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WyoTech

Discussion in 'General Automotive' started by awoit, Dec 16, 2008.

  1. Dec 16, 2008 at 9:27 PM
    #1
    awoit

    awoit [OP] Well-Known Member

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    Hows everyone doin tonite, well guys i recently just graduated high school and currently finishing my first semester at my local community college. I'm starting to think that im not cut out for much more general ed and that i would really like to start doing what i want to do, with that said...

    Ive been seeing WyoTech commercials for the past year and ive really become interested in starting this program.(for those who dont know) Basically its a company that trains people in the automotive/electrical business in a different range of specialties... Right now this is what i really want, ive always liked cars and would love to get more familiar with them. If you guys have any feedback on what you think is good/bad about this decision or if youve heard anything about what kind of place wyotech is (i know its not in a lot of different areas). I just felt like telling someone besides my parents and friends who think im just waisting my time dreaming about something else to put my time into..
     
  2. Dec 16, 2008 at 9:38 PM
    #2
    TRD4x4858

    TRD4x4858 Taco Traitor!

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    Right now the automotive business isnt what it used to be, Being said I wouldnt recommend going to an expensive school to learn how to wrench on cars, the best way to learn is hands on, I went to a community college for my "training" and got set up with a job at a dealer, working at the dealer hands on is where I learned what I know now, IMHO i think that the wyotech school is a waste of money, its hard to make money in the automotive business nowadays
     
  3. Dec 16, 2008 at 9:40 PM
    #3
    SLOTaco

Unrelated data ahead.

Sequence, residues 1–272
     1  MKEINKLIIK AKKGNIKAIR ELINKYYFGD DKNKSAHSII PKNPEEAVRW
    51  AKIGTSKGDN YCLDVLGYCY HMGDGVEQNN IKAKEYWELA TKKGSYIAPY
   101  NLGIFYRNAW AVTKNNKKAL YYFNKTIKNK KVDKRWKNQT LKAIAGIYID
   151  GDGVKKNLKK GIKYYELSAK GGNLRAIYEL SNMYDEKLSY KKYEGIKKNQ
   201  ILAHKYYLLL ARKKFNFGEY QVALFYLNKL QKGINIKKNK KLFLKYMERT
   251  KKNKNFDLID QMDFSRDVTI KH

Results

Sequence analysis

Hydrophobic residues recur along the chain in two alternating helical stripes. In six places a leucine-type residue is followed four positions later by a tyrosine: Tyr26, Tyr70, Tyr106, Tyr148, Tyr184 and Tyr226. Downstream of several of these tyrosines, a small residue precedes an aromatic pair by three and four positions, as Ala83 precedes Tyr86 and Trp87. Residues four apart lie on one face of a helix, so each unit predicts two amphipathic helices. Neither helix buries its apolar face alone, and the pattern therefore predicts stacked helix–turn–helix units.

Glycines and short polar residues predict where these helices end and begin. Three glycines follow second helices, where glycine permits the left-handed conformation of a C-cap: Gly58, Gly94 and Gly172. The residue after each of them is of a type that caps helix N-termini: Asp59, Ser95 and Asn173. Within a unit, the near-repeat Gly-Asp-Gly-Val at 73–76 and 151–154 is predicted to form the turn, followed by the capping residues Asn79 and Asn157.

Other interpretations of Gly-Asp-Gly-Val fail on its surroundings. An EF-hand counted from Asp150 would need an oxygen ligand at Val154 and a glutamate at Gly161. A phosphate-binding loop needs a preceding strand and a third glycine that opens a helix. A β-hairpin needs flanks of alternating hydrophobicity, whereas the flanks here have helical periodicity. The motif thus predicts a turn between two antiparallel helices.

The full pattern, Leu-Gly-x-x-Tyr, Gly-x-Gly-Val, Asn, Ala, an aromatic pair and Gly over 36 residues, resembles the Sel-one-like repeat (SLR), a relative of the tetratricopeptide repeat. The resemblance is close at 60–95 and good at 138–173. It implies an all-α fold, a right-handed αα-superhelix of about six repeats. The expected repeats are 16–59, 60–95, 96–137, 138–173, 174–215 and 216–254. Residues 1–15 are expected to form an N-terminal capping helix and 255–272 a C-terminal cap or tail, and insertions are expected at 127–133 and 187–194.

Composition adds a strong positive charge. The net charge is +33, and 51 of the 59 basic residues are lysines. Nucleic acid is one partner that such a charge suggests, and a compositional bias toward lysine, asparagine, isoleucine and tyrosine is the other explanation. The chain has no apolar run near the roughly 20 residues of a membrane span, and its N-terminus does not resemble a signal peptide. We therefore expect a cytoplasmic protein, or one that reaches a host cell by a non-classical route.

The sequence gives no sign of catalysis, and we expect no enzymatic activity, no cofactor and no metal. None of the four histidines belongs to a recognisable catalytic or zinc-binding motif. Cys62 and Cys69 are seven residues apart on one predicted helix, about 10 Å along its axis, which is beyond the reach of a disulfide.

SLOTaco Ultimate Member

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    If thats what you want to do go for it. Don't let your parents or friend discourage you. If Wyotech doesn't work out you can always go back to school. Im 27 and won't graduate untill I'm 28 because I took a few years after highschool to get things figured out, I was too burned out on school to keep going. But now I'm back at it an I have no regrets about being "late" to graduate. Just do what feels right to you.
     
  4. Dec 16, 2008 at 9:51 PM
    #4
    BeefTaco

    BeefTaco WESTern Alliance: NORCAL COAST

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    WyoTech is not a bad program I know a few people that have worked there and work with a few that have graduated from there. Coming into a dealership from WyoTech you would probably start out on the lube rack till you showed your stuff and earned your wings and get put on a team. If working on cars is where you see yourself in five years you should look into Toyota’s Tten program it is a Toyota specific apprentice program it is leaps ahead of WyoTech. With the current economy there is only two car line’s to be working for right now Toyota or Honda.

    http://www.toyota.com/about/tten/
     
  5. Dec 16, 2008 at 9:54 PM
    #5
    TRD4x4858

    TRD4x4858 Taco Traitor!

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    Toyota doesnt pay that good, all dealer techs get about the same amount of pay, Toyota is alot of hours but little pay per hour, I worked for Jeep, Not as many hours but more per hour than a toyota tech with the same amount of training. Toyota T-Ten program can be found at a local community college for cheap